HARTFORD, Conn. — Tens of thousands in the chilly Northeast remained without power Sunday night, eight days after a rare October snowstorm knocked much of the region into the dark.
Many marked another day without lights or heat, lingering at shopping malls, hitting the movies or bunking at friends’ homes as they faced the possibility of a new week without power.
In hardest hit Connecticut, more than 104,000 customers were still in the dark. Connecticut Light & Power, the state’s largest utility, held to its goal of restoring electricity to 99 percent of its customers by midnight.
New Jersey and Massachusetts each had about 4,000 people still waiting for the lights to come back on.
Elsewhere, companies in Maine and New Hampshire said customers affected by last weekend’s storm were back on line.
National Hurricane Center estimates more than 240 tropical systems missed between 1900 to 2002
FT. LAUDERDALE, Fla. — With less than a month remaining in it, 17 named storms have emerged so far this hurricane season, ensuring this will be one of the most active years on record. Yet five of those storms were so weak that a few decades ago they likely would have been overlooked.
Between 1900 and 2002, the National Hurricane Center estimates, it failed to identify more than 240 systems that might have been tropical storms but were mistakenly deemed too weak or went undetected because they were too far out in the ocean to be studied. Climatologists further guess that of those, 75 were hurricanes.
Thanks to the satellite era, which came full force in the mid-1970s, forecasters are able to better estimate the strength of even the most distant systems. In the past 35 years, they have spotted dozens of storms that previously would have been discounted, 18 in the past five years alone.
A major ramification of so many missed storms: 2005, thought to be the busiest season on record with 28 storms, might actually be second to 1933, when, officially, 21 storms were spotted.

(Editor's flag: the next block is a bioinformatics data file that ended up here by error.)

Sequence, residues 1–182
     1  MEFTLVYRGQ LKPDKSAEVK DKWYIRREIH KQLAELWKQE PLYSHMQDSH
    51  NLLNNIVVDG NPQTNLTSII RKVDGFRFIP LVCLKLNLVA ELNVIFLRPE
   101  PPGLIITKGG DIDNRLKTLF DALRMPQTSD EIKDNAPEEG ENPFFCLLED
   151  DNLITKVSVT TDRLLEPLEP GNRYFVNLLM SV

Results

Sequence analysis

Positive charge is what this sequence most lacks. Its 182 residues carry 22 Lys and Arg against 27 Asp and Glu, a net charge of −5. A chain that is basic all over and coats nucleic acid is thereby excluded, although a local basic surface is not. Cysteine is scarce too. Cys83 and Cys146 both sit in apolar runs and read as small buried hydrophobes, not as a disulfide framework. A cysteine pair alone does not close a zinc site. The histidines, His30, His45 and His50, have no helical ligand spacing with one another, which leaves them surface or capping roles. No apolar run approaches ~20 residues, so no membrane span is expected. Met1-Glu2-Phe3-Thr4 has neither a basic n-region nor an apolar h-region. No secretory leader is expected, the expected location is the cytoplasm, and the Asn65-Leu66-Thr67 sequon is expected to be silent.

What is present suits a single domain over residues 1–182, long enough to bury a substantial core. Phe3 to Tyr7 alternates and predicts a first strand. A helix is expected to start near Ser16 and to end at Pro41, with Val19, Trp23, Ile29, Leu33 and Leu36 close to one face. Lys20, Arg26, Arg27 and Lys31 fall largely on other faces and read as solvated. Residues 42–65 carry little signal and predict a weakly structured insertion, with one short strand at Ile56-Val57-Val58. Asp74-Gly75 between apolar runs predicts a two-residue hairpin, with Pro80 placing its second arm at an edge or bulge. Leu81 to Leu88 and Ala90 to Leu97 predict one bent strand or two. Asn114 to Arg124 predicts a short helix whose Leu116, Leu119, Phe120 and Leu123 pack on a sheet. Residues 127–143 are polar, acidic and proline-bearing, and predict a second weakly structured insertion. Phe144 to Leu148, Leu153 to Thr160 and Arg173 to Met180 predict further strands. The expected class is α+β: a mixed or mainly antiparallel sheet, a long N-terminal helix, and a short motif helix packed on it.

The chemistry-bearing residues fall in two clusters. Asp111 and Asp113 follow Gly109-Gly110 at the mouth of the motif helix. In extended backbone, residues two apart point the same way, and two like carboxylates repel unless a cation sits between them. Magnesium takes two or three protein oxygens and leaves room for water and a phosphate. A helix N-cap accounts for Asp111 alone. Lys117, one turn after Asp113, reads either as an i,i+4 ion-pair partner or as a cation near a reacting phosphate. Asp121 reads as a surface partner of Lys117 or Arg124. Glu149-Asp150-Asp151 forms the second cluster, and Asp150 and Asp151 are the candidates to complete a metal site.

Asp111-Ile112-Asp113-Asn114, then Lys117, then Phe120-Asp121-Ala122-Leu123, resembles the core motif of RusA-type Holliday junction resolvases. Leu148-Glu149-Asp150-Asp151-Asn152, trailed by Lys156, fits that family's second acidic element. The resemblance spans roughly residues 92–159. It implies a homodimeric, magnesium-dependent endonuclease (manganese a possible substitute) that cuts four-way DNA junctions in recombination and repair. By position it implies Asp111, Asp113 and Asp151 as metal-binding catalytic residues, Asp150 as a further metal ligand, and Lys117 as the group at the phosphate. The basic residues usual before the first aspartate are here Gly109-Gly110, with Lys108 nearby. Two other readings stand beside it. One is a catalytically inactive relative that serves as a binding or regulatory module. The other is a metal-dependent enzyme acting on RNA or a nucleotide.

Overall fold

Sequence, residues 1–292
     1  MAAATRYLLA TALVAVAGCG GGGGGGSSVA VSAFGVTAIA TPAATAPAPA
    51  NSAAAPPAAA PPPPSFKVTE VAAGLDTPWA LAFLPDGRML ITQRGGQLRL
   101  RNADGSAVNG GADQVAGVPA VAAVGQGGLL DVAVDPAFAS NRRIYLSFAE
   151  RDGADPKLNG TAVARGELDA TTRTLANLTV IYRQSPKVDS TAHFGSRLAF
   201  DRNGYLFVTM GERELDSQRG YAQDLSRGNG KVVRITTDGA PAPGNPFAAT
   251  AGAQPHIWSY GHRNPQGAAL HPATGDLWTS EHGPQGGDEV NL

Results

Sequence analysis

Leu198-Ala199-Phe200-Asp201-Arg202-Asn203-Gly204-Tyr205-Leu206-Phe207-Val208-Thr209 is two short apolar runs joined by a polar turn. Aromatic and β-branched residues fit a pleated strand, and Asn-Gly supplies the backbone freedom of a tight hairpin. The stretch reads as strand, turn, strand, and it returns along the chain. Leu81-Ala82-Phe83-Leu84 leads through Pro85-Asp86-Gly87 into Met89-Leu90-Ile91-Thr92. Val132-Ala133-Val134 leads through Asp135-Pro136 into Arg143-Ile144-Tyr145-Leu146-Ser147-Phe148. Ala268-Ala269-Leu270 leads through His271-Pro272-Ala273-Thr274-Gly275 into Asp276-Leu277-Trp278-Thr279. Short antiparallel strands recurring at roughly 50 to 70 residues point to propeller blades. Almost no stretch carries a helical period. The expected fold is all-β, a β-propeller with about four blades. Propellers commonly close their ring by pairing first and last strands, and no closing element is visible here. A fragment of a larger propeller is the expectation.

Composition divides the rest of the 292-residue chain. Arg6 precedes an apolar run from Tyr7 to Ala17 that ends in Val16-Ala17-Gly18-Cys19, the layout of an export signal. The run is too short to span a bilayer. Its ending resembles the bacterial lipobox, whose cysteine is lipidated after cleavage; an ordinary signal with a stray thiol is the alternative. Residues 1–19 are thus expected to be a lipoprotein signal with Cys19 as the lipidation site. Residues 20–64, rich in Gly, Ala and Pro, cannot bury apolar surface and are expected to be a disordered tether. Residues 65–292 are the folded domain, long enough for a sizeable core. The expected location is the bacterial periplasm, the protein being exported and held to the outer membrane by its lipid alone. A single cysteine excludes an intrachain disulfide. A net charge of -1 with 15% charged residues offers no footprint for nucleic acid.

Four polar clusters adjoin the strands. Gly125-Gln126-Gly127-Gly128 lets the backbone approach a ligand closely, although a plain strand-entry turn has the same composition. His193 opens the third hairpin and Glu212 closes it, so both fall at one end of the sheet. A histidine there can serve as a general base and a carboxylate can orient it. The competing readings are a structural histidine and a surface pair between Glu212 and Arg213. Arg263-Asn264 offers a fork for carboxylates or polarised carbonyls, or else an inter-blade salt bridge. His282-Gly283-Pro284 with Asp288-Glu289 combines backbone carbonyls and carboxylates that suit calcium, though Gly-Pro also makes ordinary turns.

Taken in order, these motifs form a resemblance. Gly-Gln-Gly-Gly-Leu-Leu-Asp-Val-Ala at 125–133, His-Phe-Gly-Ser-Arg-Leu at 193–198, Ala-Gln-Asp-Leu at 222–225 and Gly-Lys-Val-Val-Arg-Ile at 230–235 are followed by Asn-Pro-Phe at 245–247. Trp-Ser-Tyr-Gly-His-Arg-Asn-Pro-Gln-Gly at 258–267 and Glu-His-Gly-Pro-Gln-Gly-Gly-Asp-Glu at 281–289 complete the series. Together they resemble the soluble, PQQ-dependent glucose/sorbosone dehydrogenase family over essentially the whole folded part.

US officials fear bomb attacks possible in Nigeria capital
LAGOS, Nigeria — After a weekend of violence and fear, U.S. officials warned Sunday that luxury hotels frequented by foreigners and Nigeria’s elite may be bombed by a radical Muslim sect as the death toll from attacks in the country’s northeast rose to more than 100.
The warning by the U.S. Embassy shows how seriously diplomats take the threat posed by the outlawed Islamist group known locally as Boko Haram, which previously bombed the United Nations headquarters in the capital, Abuja, killing 24.
The embassy said an attack may come as Muslims in the oil-rich nation celebrate the Eid al-Adha holiday and that its diplomats and staff had been instructed to avoid those hotels.
The warning came as a Nigerian Red Cross official said more than 100 people were killed in a series of attacks Friday in the northeast.
Syrian troops kill 11 despite Arab League accord
BEIRUT — Syrians in the restive region of Homs performed special prayers for a major Muslim holiday to the sound of explosions and gunfire as government troops pushed forward their assault on the area, killing at least 11 people Sunday, residents and activists said.
The violence on the first day of Eid al-Adha, or Feast of the Sacrifice, added to fears that a peace plan brokered by the Arab League last week was unraveling and prompted Qatar’s prime minister to call for an emergency meeting Saturday to discuss the Syrian government’s failure to abide by its commitments.
Violence has continued unabated, though Damascus agreed to halt its crackdown on the 7-month-old uprising that the U.N. says has left some 3,000 people dead.